Saudis to Seek Release of Classified Parts of 9/11 Report
Saudi Arabia’s foreign minister will meet today with President Bush to mend relations strained over the war on terrorism and to ask Bush to declassify portions of a congressional report that many believe implicate Saudi officials in the Sept. 11 attacks, diplomatic sources said Monday.
Prince Saud al Faisal traveled from Riyadh specifically to hand-deliver a written request that Bush declassify portions of the report pertaining to Saudi Arabia so Saudi officials can respond to them, according to sources familiar with the visit.
In question is a 28-page section discussing whether some of the Sept. 11 hijackers received funding and perhaps other help from a foreign government.
Sources familiar with the nearly 900-page report, which was released last week by a joint House-Senate intelligence committee, say the government in question is Saudi Arabia. The still-classified sections, they say, examine whether Saudi officials and wealthy businessmen donated money to charities and other entities that ultimately went to finance the attacks and to help some of the hijackers while they were in the United States.
Fifteen of the 19 hijackers were Saudi.
Saudi officials have vehemently denied playing any role in the attacks and say they have been a steadfast ally of the United States in the war on terrorism.
“The idea that the Saudi government funded, organized or even knew about Sept. 11 is malicious and blatantly false,” Saudi Ambassador Prince Bandar ibn Sultan said last week, adding that the Al Qaeda terrorist network, which planned the attacks, also seeks to destroy the Saudi leadership and is an enemy of the state.
“It is my belief that the reason a classified section that allegedly deals with foreign governments is absent from the report is most likely because the information contained in it could not be substantiated,” Bandar said. “Saudi Arabia has nothing to hide. We can deal with questions in public, but we cannot respond to blank pages.”
The unclassified sections of the report quote a host of U.S. officials as saying the Saudis were unhelpful at best in the years before the attacks, and that they did little to help investigate them for at least 18 months afterward.
Since terrorists attacked three Western residential compounds in Riyadh, the Saudi capital, on May 12, the Saudi government has done an about-face and has committed itself to rooting out Al Qaeda cells within its borders, according to many U.S. officials.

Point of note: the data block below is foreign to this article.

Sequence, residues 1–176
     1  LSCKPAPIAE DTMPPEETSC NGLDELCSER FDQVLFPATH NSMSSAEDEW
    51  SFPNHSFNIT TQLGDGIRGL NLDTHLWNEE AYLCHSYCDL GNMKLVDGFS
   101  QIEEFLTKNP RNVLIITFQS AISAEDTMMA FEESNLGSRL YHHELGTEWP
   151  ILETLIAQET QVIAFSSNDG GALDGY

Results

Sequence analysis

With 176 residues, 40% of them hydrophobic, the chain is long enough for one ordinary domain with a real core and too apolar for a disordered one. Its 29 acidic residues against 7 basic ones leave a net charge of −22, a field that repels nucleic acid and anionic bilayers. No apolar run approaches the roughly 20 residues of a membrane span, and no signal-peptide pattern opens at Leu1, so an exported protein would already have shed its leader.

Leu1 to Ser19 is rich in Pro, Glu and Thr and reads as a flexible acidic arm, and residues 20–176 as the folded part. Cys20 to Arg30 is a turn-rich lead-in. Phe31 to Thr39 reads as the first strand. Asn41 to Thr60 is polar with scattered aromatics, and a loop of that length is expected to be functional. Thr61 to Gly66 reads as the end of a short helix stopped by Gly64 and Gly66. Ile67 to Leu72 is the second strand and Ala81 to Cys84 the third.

But those officials said details of Saudi Arabia’s actions before and after Sept. 11 -- particularly the still-classified sections of the report -- could prove embarrassing to the Persian Gulf kingdom.
Over the last two days, several ranking senators with knowledge of the classified sections of the report also have called for them to be declassified.
Sen. Bob Graham of Florida, who is seeking the Democratic presidential nomination, urged Bush in a letter Monday to fully declassify the 28-page section.
“That will permit the Saudi government to deal with any questions which may be raised in the currently censored pages, and allow the American people to make their own judgment about who are our true friends and allies in the war on terrorism,” Graham wrote.
The chairman of the Senate Select Committee on Intelligence, Sen. Pat Roberts (R-Kan.), suggested Sunday on CBS’ “Face the Nation” that some aspects of the report were withheld to “protect” Saudi officials.
Also Sunday, Sen. Richard C. Shelby (R-Ala.), chairman of the Senate banking committee, called for the release of the 28 pages, saying the Bush administration was withholding them because they “might be embarrassing to some international relations.”
Shelby, a former ranking member of the Senate intelligence committee, said on NBC’s “Meet the Press” that he “went back and read every one of those pages thoroughly” and concluded that “95% of that information could be declassified.”